This brings us to the nature of our dismissal of defendant's original appeal. We believe that, to be consistent with Partee, our discretionary dismissal under the fugitive rule must be a dismissal without prejudice, subject to reinstatement upon proper motion. Our jurisdiction is not terminated by the dismissal. Rather, it is deferred until a fugitive defendant returns and petitions us for reinstatement.

Support for our conclusion is found in cases authorizing reinstatement of criminal appeals dismissed for want of prosecution. See People v. Moore, 133 Ill. 2d 331, 338-39, 549 N.E.2d 1257 (1990).

In Moore, our supreme court considered the appropriate remedy for a criminal defendant whose appeal is dismissed because of attorney negligence. The court concluded that reinstatement by motion in the appellate court was preferable where a defendant "properly invoked appellate jurisdiction, only to have his appeal dismissed, through no fault of his own." Moore, 133 Ill. 2d at 339-40.

We acknowledge that Moore stressed the lack of the defendant's culpability in the dismissal as the reason that warranted reinstatement. But we believe that the Moore analysis is still analogous to appeals dismissed under the fugitive rule.

As in Moore, an appeal dismissed under the fugitive rule invokes appellate jurisdiction in the first instance. Even though the later dismissal of defendant's appeal here was triggered by his purposeful and continued absence, we cannot ignore that a criminal defendant must at some time be afforded the equivalent of a direct review and appellate advocate. Penson v. Ohio, 488 U.S. 75, 102 L. Ed. 2d 300, 109 S. Ct. 346 (1988).

We hold that a defendant whose timely filed direct appeal is dismissed under the fugitive rule does not waive the right to a direct review, but may petition for reinstatement of his appeal upon his return. Defendant here tried to resurrect his appeal by filing a series of motions in the trial court. He now appeals the orders disposing of those motions. We have determined that the trial court lacked jurisdiction to consider the motions filed after defendant's return. The void orders do not cloak us with jurisdiction to reach the merits of defendant's appeal. See JoJan Corp. v. Brent, 307 Ill. App. 3d 496, 503, 718 N.E.2d 539 (1999) (the jurisdictional basis for reviewing orders or judgments that are void is not clear). But we may exercise jurisdiction over the second notice of appeal for the purposes of reviewing the trial court's lack of jurisdiction to enter orders after the first notice of appeal was filed in 1996. See Moffat Coal Co. v. Industrial Comm'n, 397 Ill. 196, 201-02, 73 N.E.2d 423 (1947) (void order will be reversed on appeal whenever it is brought before a reviewing court). The proper procedure for defendant to pursue his direct appeal rights is to petition us to reinstate his earlier filed appeal. That appeal is held in abeyance under the fugitive rule "unless and until" defendant returns. Partee, 125 Ill. 2d at 37.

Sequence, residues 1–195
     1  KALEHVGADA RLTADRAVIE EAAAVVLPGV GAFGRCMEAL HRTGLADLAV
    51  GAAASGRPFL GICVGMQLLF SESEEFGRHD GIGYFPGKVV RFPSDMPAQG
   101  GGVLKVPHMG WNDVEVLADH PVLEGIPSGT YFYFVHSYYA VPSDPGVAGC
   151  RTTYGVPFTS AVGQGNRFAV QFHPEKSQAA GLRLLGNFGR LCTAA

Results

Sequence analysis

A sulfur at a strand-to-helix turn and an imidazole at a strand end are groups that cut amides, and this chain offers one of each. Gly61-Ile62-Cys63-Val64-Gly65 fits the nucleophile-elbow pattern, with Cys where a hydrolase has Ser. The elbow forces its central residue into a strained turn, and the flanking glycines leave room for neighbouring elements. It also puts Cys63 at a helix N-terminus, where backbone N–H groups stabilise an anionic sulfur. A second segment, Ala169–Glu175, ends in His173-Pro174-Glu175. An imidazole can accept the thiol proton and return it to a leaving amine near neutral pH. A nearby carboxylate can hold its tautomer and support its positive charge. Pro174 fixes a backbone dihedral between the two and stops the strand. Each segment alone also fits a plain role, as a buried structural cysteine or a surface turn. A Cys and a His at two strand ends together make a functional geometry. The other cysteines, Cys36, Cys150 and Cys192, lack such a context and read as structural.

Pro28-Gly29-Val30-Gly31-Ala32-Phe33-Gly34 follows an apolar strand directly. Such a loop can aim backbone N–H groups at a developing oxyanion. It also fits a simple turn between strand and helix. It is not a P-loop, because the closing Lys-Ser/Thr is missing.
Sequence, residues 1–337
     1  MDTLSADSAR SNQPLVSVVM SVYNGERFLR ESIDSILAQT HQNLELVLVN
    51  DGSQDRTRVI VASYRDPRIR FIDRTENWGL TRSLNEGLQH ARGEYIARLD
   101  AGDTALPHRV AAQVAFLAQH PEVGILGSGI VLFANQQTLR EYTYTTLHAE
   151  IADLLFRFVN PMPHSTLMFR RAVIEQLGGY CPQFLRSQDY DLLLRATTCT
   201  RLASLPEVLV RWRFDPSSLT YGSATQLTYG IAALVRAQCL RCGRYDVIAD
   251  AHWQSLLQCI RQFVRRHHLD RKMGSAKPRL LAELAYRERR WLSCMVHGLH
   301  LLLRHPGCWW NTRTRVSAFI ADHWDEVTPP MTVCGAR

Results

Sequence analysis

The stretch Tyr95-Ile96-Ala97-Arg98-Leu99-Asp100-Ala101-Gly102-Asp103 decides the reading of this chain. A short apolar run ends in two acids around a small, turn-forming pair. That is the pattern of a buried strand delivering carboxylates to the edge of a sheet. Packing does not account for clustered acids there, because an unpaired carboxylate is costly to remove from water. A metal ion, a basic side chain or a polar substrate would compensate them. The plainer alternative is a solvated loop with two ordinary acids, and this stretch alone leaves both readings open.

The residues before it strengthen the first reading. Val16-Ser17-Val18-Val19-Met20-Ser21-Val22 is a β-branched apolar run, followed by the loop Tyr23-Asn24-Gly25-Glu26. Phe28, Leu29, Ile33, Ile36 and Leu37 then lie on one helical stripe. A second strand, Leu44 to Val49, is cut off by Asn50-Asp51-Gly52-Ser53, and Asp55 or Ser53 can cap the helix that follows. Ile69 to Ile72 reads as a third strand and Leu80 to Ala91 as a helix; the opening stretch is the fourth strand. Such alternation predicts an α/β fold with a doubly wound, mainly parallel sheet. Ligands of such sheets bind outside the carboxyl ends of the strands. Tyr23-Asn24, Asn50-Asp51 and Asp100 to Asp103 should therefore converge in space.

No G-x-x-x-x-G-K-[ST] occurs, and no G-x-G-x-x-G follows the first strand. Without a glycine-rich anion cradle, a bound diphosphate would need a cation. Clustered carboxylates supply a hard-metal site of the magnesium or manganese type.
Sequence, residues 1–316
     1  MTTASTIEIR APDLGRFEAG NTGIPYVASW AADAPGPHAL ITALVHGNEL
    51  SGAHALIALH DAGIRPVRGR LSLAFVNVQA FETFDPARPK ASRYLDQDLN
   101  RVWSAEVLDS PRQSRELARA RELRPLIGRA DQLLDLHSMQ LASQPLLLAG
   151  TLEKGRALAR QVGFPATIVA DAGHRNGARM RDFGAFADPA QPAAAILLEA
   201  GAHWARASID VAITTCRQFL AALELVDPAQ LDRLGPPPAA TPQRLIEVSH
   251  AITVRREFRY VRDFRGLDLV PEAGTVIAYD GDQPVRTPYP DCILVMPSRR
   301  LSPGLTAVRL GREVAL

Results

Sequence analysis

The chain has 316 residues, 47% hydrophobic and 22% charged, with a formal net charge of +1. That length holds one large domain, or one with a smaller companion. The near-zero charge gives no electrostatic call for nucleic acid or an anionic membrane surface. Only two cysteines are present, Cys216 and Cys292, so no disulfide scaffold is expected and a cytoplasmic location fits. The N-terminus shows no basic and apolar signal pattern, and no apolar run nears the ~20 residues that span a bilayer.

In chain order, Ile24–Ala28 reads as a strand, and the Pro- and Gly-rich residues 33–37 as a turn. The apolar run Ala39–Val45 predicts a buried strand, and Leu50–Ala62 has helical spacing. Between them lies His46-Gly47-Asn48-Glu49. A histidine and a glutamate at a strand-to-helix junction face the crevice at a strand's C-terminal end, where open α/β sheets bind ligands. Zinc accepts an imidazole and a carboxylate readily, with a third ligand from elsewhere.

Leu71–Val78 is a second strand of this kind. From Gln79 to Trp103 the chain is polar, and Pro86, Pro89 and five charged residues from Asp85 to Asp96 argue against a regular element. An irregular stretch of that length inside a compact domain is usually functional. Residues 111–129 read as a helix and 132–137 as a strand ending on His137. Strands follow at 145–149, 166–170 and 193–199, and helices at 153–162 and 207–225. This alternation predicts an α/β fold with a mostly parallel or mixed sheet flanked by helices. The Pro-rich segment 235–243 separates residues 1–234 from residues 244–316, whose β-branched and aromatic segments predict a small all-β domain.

We believe a distinction must be made between a fugitive defendant who first attempts to pursue his direct appeal rights when he is returned to custody and a fugitive defendant who properly invokes appellate jurisdiction, but whose appeal was later dismissed under the fugitive rule. The former implicates sections 115-4.1(e) and (g) of the absentia statute and the considerations that arise therein. See People v. Williams, 274 Ill. App. 3d 793, 655 N.E.2d 470 (1995). The latter requires only that defendant petition for reinstatement of the dismissed appeal.

We vacate the trial court's order modifying defendant's sentence to 17 years and reinstate the original 19-year sentence. The notice of appeal filed on March 9, 2001, is dismissed for lack of jurisdiction. Our jurisdiction is limited to a consideration of a motion to reinstate defendant's appeal, should one be filed.

Vacated; sentence reinstated; and appeal dismissed.

McBRIDE, P.J., and BURKE, J., concur.

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© 1992-2003 VersusLaw Inc.; Pat. Pending